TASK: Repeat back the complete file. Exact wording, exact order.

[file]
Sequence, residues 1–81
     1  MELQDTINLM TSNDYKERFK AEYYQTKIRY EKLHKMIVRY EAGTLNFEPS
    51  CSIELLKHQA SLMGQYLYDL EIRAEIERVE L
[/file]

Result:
Sequence, residues 1–81
     1  MELQDTINLM TSNDYKERFK AEYYQTKIRY EKLHKMIVRY EAGTLNFEPS
    51  CSIELLKHQA SLMGQYLYDL EIRAEIERVE L